The other day, my family and I went out to eat at one of our favorite local spots. It's a little diner in town called Sam and Ethel's. The food is always good and the prices are even better. I'd highly recommend it if you are ever in Tipp City, Ohio. Seated at a table just behind us were three medical doctors. They seemed to be having some sort of business meeting. One of the doctors had a pretty thick Irish accent. Early on in their conversation one of the other doctors asked the Irish sounding gentleman about his background in working with U.S. special forces medics. He posed this question. "So you have first hand experience with these special forces soldiers. Are they really as incredible as the movies make them out to be?"
Without hesitation, the Irish doctor went on to explain in detail how truly phenomenal the special forces soldiers are. He talked non-stop for about the next twenty minutes. He talked about their training, their skills, their strength, their mental fortitude, their ability to put their bodies through things most humans don't even think possible, and on and on and on. He was so detailed, so knowledgeable, and so passionate about his response. He knew so much code language and used so many terms I've never even heard of. It was the most entertaining meal I've had in a long time. After literally talking continuously for about twenty minutes, he finally wrapped up his answer by saying, "So yes, they are really as incredible, if not more so, than the movies make them out to be."
The other two doctors were blown away. They praised the Irish doctor for his ability to know all of that information and to be able to recall it without any challenge at all. The Irish doctor's response was what stood out to me the most. He said, "It's not difficult for me because this is my life. I live it and breathe it every day. It's second nature to me."
I haven't stopped thinking about their conversation since I left the restaurant that day. I was also blown away by the Irish gentleman's knowledge. He was truly an expert in his field, no doubt about it. But I was also convicted by his response. He was so ready to go that all someone had to do was ask one simple question, and then he was able to unload so much information with brilliant articulation and inspiring passion. He was able to talk for twenty minutes without pausing once to take a breather. My guess is he could have talked for two hours or even two days if they had the time and he had the permission to do so.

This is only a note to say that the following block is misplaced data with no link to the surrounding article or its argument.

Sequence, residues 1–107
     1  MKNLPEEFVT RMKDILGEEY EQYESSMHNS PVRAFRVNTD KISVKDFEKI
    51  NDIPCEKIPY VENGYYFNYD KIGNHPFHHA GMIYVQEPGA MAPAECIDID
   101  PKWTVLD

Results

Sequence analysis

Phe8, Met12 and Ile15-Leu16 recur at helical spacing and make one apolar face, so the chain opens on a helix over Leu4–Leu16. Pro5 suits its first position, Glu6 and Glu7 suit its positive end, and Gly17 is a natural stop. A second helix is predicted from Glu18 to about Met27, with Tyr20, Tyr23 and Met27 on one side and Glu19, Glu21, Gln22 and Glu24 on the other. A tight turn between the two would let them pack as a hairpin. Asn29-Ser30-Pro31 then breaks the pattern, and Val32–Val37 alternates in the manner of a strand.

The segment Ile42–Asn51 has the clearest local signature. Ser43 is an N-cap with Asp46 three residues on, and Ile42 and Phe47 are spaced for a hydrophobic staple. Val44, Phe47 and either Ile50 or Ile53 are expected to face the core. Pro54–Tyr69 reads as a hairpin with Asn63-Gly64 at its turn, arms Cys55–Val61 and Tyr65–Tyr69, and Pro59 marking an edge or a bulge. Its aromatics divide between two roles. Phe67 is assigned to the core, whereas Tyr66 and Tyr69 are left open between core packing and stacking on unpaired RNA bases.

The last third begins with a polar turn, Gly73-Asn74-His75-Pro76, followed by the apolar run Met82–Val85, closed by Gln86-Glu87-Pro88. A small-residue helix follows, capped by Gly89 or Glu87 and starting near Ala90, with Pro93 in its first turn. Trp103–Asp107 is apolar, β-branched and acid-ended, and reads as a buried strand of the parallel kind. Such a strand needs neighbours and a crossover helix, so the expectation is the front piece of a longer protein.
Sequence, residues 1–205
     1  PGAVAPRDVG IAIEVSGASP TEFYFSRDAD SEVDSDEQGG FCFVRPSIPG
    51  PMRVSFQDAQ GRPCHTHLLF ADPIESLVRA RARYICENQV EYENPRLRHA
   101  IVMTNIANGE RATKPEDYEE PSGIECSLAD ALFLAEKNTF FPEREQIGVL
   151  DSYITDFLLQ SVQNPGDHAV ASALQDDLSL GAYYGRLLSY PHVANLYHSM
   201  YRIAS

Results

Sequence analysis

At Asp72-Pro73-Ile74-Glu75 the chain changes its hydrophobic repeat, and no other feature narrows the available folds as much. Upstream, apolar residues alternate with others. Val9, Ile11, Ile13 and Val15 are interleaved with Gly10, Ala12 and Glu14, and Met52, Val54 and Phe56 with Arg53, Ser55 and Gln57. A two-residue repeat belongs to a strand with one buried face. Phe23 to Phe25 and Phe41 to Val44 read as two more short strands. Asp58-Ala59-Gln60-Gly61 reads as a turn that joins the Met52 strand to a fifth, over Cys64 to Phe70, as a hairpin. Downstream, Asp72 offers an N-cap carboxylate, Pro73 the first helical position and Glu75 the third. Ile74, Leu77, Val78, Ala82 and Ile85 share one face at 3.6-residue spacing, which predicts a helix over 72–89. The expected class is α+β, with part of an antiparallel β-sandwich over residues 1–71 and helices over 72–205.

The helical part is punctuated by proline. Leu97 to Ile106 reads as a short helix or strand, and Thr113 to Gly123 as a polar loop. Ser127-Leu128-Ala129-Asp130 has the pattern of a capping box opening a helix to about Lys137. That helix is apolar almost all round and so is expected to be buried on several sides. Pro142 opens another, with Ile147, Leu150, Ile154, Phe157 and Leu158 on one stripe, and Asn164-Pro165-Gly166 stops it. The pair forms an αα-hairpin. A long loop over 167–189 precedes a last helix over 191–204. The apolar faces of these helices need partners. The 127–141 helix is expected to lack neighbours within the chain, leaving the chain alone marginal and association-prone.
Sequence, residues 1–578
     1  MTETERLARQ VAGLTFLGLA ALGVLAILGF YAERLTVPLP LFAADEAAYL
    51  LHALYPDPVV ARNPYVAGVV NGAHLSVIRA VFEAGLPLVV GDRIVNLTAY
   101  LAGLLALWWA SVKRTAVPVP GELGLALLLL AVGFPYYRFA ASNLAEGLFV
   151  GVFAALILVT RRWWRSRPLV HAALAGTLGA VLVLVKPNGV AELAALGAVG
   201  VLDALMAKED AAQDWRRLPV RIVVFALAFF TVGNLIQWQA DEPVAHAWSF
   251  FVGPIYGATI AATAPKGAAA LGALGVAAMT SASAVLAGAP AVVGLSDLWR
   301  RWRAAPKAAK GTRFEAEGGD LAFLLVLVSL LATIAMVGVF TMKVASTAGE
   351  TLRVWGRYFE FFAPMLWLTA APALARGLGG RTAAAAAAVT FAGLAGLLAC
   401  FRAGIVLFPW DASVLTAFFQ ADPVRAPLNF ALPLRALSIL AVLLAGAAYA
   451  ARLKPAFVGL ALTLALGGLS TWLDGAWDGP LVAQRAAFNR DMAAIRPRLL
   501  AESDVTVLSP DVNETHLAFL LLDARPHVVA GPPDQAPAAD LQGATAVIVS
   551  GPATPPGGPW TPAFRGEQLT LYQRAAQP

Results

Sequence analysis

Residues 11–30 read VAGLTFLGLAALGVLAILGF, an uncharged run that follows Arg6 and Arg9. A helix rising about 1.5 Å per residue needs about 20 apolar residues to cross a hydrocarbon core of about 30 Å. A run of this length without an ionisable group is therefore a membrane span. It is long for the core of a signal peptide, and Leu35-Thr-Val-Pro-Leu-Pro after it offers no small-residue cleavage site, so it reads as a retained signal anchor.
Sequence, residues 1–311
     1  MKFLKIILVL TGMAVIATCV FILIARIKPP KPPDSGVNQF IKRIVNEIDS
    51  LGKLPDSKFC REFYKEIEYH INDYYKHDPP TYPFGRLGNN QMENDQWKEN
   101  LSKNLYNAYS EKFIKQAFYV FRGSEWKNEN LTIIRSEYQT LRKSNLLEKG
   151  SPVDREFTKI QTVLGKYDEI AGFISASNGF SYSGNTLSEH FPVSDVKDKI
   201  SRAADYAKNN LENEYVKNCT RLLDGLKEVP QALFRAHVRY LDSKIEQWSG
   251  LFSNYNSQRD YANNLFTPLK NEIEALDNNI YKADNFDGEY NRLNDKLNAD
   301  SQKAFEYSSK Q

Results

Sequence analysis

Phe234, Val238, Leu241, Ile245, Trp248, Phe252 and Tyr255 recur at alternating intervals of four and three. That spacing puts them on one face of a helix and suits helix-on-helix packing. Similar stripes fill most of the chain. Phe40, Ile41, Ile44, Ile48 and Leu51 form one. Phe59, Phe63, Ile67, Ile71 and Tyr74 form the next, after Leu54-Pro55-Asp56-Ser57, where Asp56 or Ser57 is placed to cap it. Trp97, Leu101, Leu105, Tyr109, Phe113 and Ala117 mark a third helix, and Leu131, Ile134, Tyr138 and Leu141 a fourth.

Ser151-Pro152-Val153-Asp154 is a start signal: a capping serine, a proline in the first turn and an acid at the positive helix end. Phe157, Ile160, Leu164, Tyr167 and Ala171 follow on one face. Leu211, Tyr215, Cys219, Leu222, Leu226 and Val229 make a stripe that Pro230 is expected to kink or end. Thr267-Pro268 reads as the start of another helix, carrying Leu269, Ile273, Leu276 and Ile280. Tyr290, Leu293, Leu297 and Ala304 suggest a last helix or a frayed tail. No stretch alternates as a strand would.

It made me wonder how I would respond if someone came to me and asked a similar question. What if someone said to me, "So you've had first hand experience with the Christian faith. Is Jesus really as incredible as the bible makes him out to be?" Would I be fired up and ready to go just as much as the guy with the super cool accent was in the restaurant? Could I talk for twenty minutes continuously about who Jesus is and what he's done with that same kind of knowledge and passion? And could I do it in a way that was so compelling that everyone else in the restaurant would stop what they were doing to listen in?
I love what Peter writes in 1 Peter 3:15. But in your hearts revere Christ as Lord. Always be prepared to give an answer to everyone who asks you to give the reason for the hope that you have. But do this with gentleness and respect. We should always be prepared to give an answer for the hope that we have. It should be second nature to us. It shouldn't be difficult for us because this is our life. We should be living it and breathing it every day. I don't know about you, but this is what I want. I want to be able to answer for the hope I have with an even greater knowledge and passion than the doctor in the restaurant that day. The only way to do so is by living it and breathing so much that it becomes who we are, and we don't even have to think about it. We just know it. That's my prayer.
What about you? Are you ready to give an answer for the hope you have? If not, what is the next step you need to take in order to be ready?
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